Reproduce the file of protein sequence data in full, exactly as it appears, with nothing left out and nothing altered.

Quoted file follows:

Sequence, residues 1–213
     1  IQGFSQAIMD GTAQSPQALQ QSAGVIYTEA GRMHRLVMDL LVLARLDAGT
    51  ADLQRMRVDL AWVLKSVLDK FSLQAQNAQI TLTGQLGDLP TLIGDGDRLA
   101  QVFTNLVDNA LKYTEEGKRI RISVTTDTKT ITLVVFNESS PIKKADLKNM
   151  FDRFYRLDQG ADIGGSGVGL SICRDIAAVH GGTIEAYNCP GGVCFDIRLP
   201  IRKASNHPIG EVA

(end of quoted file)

Sequence, residues 1–213
     1  IQGFSQAIMD GTAQSPQALQ QSAGVIYTEA GRMHRLVMDL LVLARLDAGT
    51  ADLQRMRVDL AWVLKSVLDK FSLQAQNAQI TLTGQLGDLP TLIGDGDRLA
   101  QVFTNLVDNA LKYTEEGKRI RISVTTDTKT ITLVVFNESS PIKKADLKNM
   151  FDRFYRLDQG ADIGGSGVGL SICRDIAAVH GGTIEAYNCP GGVCFDIRLP
   201  IRKASNHPIG EVA